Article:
Trichoderma spp. are most frequently isolated soil fungi and present in plant root ecosystems (Harman et al. 2004). Many studies have proved the potential of Trichoderma spp. as biocontrol agents of several soil borne plant pathogens, such as Rhizoctonia solani, Sclerotium rolfsii, Pythium spp., Drechslera tritici and Fusarium spp. (Tronsmo 1991; Lorito et al. 1993). Diverse mechanisms have been recommended for their biocontrol activity, which comprises of antagonism for space and nutrients, secretion of enzymes, mycoparasitism and production of antimicrobial compounds. Kucuk and Kivanc (2004) had demonstrated the involvement of volatile metabolites secreted by Trichoderma harzianum in the inhibition of G.graminis, F. culmorum and F.moniliforme. The practical application of Trichoderma spp. as biocontrol agents integrated with chemical treatments requires selection of fungicide resistant isolates. A biological agent, in addition to being competent, must also be adaptable to modern crop protection practices, including use of fungicides. It has been reported that many Trichoderma spp. have an innate and/or induced resistance to many fungicides but the level of resistance varies with the fungicide (Khan and Shahzad 2007). Hence, the intention of this study was to correlate the edaphic and environmental factors with population density of Trichoderma spp. and screen the efficient indigenous isolate with prominent antagonist activity against P.theae and to ensure its compatibility with various fungicides.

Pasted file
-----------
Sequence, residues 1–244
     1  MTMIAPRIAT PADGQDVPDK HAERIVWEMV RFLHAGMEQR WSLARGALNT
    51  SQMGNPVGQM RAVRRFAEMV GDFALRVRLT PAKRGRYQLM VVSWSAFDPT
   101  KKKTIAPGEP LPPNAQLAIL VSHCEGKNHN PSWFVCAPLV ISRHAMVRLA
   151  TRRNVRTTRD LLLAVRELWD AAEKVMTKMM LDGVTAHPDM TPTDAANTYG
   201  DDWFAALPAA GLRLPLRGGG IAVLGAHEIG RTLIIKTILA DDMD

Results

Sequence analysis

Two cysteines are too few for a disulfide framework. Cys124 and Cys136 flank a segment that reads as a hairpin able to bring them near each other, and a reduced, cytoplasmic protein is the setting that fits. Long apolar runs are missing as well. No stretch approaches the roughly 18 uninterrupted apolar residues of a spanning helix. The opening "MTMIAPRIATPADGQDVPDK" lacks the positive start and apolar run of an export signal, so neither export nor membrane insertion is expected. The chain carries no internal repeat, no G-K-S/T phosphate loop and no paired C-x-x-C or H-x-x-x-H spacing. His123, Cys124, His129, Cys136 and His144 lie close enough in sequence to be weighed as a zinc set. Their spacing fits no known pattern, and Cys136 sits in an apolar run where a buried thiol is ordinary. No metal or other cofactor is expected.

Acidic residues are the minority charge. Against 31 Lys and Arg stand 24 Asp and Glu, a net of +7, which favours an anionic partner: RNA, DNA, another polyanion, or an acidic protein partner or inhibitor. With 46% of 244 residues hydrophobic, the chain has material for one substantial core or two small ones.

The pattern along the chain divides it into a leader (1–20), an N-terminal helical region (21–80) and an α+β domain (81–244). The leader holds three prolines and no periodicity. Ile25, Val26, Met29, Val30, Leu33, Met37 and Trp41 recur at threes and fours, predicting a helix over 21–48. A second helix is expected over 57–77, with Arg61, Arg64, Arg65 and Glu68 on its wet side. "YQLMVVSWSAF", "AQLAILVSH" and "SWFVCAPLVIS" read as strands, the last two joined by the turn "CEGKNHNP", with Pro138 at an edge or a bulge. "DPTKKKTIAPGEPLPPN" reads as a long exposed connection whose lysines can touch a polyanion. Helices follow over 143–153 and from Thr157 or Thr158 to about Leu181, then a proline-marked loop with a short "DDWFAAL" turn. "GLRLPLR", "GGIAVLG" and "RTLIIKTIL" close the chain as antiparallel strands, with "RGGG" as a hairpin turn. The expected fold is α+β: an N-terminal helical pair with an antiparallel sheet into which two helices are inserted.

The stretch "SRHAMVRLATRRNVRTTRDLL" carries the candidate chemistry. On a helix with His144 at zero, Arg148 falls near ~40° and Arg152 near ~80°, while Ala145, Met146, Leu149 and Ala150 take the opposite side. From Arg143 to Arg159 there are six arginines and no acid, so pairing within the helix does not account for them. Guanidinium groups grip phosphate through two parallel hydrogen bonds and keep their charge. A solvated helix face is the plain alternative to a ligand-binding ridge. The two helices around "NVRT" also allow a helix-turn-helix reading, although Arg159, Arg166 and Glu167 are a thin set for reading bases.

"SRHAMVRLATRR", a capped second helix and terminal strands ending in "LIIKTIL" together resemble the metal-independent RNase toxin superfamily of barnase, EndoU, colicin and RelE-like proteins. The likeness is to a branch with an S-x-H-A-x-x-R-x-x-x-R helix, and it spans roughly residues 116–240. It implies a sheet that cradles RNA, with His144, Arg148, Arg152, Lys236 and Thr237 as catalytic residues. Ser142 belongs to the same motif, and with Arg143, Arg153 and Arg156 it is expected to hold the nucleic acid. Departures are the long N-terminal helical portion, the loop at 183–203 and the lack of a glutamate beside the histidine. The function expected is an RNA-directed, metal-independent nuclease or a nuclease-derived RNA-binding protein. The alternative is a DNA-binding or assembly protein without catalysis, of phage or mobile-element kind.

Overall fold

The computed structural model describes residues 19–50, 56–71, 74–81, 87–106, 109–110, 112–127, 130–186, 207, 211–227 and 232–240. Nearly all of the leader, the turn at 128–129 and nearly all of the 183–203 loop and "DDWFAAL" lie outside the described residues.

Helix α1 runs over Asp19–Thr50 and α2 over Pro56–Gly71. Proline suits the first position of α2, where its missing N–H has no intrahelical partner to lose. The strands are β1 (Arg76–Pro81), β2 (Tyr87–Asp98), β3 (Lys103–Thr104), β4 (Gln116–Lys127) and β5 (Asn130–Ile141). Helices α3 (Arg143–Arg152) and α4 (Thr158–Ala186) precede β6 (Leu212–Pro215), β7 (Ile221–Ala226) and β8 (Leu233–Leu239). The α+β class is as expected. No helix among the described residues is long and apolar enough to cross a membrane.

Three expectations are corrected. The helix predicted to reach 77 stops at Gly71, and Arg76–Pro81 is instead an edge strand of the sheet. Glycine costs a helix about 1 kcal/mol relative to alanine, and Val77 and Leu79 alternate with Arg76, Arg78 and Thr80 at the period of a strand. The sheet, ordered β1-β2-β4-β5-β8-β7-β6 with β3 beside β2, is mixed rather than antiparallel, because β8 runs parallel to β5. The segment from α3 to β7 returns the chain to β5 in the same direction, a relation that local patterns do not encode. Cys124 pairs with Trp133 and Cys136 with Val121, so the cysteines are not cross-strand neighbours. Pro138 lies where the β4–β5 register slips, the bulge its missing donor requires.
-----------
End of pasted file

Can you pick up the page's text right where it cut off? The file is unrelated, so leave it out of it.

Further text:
Materials and Methods

Sites of soil sample collection and soil analysis

The rhizosphere soil samples were collected from thirty commercial tea planting estates covering six major districts of southern India viz., Valparai, Coonoor, Munnar, Vandiperiyar, Gudalore and Koppa (Table 1). From each estate, soil samples were collected randomly, air dried in shade, gently alleted, sifted with 2mm mesh sieves and stored at 4ËšC for further studies. These soil samples were subjected to various edaphic factors analysis such as pH (digital pH meter-Elico), EC (digital electrical conductivity meter-Elico), organic carbon (Dichromate oxidation method - Walkey and Black, 1934), total nitrogen (Micro-kjeldahl and molybdenum blue methods - Jackson 1973), available phosphorus (Molybdenum blue methods - Jackson 1973) and exchangeable K (Digital flame photometer-Elico - Gammon and Nathan 1951). The environmental particulars of the tea plantations such as elevation, rainfall, temperature, relative humidity and sunshine were also gathered from the respective estate to analysis seasonal influences over the population density of Trichoderma spp.

Isolation and characteristic features of Trichoderma spp.